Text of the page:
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(Sunday between October 23 and October 29)
Psalm 34:1-8, (19-22)

Psalm 34 is an acrostic psalm. An acrostic psalm is organised around the Hebrew alphabet with each verse, or number of verses, beginning in sequence with the next letter of the alphabet. There are twenty-two letters in the Hebrew alphabet, hence twenty-two verses in this psalm. Other psalms constructed on this pattern include Psalms 9-10, 25, 37, 111, 112, 119 and 145. Some of these are complete, that is they cover the whole Hebrew alphabet, while others are not complete. The reason for incompleteness is not always clear. The purpose for using an acrostic pattern in these psalms is not clear either. It may have been an artistic device, or it may have had some mnemonic or educational role, or it might have been used to convey a sense of ‘completeness’ in relation to the subject matter, i.e. covering everything from A to Z.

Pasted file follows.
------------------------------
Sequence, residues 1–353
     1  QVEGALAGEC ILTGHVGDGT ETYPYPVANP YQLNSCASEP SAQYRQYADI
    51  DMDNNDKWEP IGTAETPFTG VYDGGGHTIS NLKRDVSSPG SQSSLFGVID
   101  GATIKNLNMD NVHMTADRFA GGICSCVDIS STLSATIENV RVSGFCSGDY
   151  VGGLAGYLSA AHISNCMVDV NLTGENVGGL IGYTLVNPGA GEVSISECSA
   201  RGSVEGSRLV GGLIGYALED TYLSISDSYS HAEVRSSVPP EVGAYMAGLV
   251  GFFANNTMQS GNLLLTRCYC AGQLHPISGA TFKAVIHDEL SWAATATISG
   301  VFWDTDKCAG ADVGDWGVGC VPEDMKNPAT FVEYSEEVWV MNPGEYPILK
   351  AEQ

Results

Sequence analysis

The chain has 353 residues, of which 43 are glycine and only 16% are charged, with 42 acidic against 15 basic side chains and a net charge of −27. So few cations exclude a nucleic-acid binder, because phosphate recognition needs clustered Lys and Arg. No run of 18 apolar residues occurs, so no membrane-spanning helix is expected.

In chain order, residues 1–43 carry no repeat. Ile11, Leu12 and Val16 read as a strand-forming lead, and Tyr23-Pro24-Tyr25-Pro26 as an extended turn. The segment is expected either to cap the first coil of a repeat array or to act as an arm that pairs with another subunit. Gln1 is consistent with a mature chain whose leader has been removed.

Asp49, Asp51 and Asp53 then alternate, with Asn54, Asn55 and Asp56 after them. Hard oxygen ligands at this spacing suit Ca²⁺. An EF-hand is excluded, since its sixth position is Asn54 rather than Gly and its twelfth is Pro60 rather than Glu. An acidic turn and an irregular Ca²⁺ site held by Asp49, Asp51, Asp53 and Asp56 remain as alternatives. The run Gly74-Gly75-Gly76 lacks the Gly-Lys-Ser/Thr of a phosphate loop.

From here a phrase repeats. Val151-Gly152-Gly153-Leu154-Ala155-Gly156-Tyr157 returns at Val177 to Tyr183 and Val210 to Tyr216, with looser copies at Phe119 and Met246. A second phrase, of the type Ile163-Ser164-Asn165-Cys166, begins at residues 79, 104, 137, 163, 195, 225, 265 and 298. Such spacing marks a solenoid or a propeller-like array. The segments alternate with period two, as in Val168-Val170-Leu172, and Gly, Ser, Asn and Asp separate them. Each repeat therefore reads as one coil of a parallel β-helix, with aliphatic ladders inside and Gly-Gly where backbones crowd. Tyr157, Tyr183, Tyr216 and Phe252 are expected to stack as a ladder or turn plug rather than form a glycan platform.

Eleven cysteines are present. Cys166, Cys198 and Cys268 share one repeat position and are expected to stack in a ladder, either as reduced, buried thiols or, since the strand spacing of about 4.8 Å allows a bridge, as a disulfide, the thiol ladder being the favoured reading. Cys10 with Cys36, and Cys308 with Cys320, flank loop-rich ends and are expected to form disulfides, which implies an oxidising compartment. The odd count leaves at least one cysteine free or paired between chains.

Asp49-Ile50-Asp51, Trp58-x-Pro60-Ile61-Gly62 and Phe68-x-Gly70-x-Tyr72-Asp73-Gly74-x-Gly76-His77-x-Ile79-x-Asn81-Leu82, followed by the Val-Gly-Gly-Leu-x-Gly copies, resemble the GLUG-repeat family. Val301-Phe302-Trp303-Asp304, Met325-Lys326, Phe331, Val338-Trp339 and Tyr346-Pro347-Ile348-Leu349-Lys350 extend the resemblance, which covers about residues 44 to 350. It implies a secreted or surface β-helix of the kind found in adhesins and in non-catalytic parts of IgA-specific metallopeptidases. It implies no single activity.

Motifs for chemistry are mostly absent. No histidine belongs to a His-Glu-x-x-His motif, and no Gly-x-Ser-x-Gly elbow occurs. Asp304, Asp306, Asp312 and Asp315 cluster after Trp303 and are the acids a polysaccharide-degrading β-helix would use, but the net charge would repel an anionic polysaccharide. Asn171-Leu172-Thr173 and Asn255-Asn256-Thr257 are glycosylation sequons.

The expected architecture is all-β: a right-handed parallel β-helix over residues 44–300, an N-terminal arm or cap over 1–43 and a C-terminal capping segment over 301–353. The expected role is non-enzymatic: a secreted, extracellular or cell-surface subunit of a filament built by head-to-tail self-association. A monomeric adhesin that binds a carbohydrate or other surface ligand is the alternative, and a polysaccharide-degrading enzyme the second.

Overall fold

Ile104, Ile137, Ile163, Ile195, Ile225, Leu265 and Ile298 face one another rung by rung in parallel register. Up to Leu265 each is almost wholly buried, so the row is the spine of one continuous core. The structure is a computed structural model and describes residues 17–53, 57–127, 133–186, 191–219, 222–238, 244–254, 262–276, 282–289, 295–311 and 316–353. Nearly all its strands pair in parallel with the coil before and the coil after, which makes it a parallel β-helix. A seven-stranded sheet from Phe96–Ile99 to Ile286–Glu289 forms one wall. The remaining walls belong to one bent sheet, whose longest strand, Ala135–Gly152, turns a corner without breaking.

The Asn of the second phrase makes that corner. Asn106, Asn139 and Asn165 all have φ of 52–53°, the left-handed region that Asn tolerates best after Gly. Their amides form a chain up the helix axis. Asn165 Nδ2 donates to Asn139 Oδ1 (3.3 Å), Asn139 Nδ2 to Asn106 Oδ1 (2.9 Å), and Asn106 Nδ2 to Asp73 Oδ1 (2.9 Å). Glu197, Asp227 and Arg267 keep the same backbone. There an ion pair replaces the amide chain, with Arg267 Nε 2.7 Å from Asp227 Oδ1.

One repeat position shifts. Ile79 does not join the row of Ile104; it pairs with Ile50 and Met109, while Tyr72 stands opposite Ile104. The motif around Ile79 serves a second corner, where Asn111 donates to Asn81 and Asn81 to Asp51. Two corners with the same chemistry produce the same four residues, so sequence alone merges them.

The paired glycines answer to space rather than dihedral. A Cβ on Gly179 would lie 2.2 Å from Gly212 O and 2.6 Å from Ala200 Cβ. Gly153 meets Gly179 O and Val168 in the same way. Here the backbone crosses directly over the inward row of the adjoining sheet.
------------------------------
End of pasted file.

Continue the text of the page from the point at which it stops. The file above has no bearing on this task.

The lectionary designates vv. 1-8 for reading this week and possibly vv. 19-22. The first eight verses fit the reading from Job 42 very well, especially if one reads that text in the first way mentioned in our comments on Job for this week, that is, as Job capitulating before God, bowing before the might and power of the divine. In the psalm, the psalmist blesses the Lord who has appeared to him. Job sought the Lord and the Lord answered him. However, whether we would imagine Job going as far as the psalmist to say that the Lord ‘delivered me from all my fears’ (v. 4b) or that he has been ‘saved from every trouble’ (v. 6b) is questionable.